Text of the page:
On my second day, I headed for the back streets, where people in tank tops and cut-off jeans feared to tread. There I found my little hole in the wall and there I grazed the menu in search of my very authentic taco. But there were no tacos on the menu. And none on the menu the next day when I ventured deeper into those back streets. I was told Mexican restaurants didn’t sell tacos, street carts sold tacos. But I couldn’t find a street cart in this resort town. Not in the middle of the afternoon, anyway.
On the fourth day, I decided to change my focus from tacos to women in tank tops and cut-offs. I went into a place called Carlos and Charlie’s that was overflowing with women overflowing in tank tops and picked up the menu. It looked like a chain restaurant menu but I was safe, I was in Mexico, far from the eyes of my foodie friends. It was a long menu but down near the bottom I found the word taco, actually found it twice, one that came with steak, another with shrimp. No ground beef. Not really authentic I thought. But steak or shrimp versus burger. Even though you got three of each, I ordered both.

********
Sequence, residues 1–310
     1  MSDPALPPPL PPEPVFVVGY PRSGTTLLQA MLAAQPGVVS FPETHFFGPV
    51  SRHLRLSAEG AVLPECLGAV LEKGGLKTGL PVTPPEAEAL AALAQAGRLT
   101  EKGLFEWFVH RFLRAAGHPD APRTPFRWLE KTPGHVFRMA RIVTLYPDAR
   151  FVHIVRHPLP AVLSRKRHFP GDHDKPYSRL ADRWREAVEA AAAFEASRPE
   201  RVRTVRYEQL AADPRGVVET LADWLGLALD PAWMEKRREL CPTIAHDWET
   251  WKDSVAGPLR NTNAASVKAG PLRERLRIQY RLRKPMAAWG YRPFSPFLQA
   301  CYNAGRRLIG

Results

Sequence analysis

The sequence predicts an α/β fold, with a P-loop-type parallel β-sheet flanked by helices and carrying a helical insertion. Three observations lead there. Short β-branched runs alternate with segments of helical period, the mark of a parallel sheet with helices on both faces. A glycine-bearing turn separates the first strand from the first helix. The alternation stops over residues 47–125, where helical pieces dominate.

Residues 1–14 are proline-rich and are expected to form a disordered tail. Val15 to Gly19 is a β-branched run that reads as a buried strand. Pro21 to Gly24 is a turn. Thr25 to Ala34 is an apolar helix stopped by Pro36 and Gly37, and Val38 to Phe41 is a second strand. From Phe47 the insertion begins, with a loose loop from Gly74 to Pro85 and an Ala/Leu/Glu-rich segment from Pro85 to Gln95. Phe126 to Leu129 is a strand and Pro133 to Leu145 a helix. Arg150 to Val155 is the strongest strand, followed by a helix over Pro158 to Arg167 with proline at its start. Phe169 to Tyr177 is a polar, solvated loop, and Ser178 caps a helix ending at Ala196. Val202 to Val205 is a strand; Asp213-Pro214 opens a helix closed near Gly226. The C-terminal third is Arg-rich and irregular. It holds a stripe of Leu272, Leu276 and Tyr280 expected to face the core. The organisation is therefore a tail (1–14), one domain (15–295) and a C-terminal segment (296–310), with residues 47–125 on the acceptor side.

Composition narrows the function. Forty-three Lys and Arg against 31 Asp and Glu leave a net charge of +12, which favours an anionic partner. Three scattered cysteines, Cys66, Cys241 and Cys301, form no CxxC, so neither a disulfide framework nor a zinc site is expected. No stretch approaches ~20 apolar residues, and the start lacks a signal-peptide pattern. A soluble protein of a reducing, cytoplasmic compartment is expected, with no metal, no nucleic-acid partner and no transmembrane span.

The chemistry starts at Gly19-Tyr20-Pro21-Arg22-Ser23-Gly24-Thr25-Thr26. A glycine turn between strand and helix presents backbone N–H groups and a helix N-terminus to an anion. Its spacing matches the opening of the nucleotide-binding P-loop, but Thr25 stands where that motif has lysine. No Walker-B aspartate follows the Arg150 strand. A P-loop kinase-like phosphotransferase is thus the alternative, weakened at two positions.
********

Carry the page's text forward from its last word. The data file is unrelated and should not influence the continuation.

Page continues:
What I got were the limpest, skimpiest, lily-white tortillas wrapped around some imaginative innards. These weren’t tacos I thought. Tasty…but not tacos. Tacos are crispy, crunchy, with tans like those tank-topped ladies.
In the early eighties I finally learned the truth about tacos. My teacher was a guy called Barry Ashley, a New Yorker who had moved to Toronto and occasionally worked for me as a photographer. Barry opened Toronto’s first (I think) mostly Mexican restaurant called The Peasant’s Larder in a dodgy part of town where only a New Yorker might be gutsy enough to go. Barry was the big enchilada when it came to Mexican cuisine. Barry taught me the difference between Mexican food and Mexican-American food. Barry told me why he sold two different tacos but that the hard shell ones were about as Mexican as George Hamilton playing Zorro.
Food snob that I was, I don’t think I ever had a hard taco again. And you know what…I’ll bet you do know…I miss them. I even decided to do some research to see if, by chance, their origin might actually be Mexican. Maybe I could justify one little taste. Maybe even a full meal.
I checked with my two gurus of Mexican cuisine, Rick Bayless and Diana Kennedy.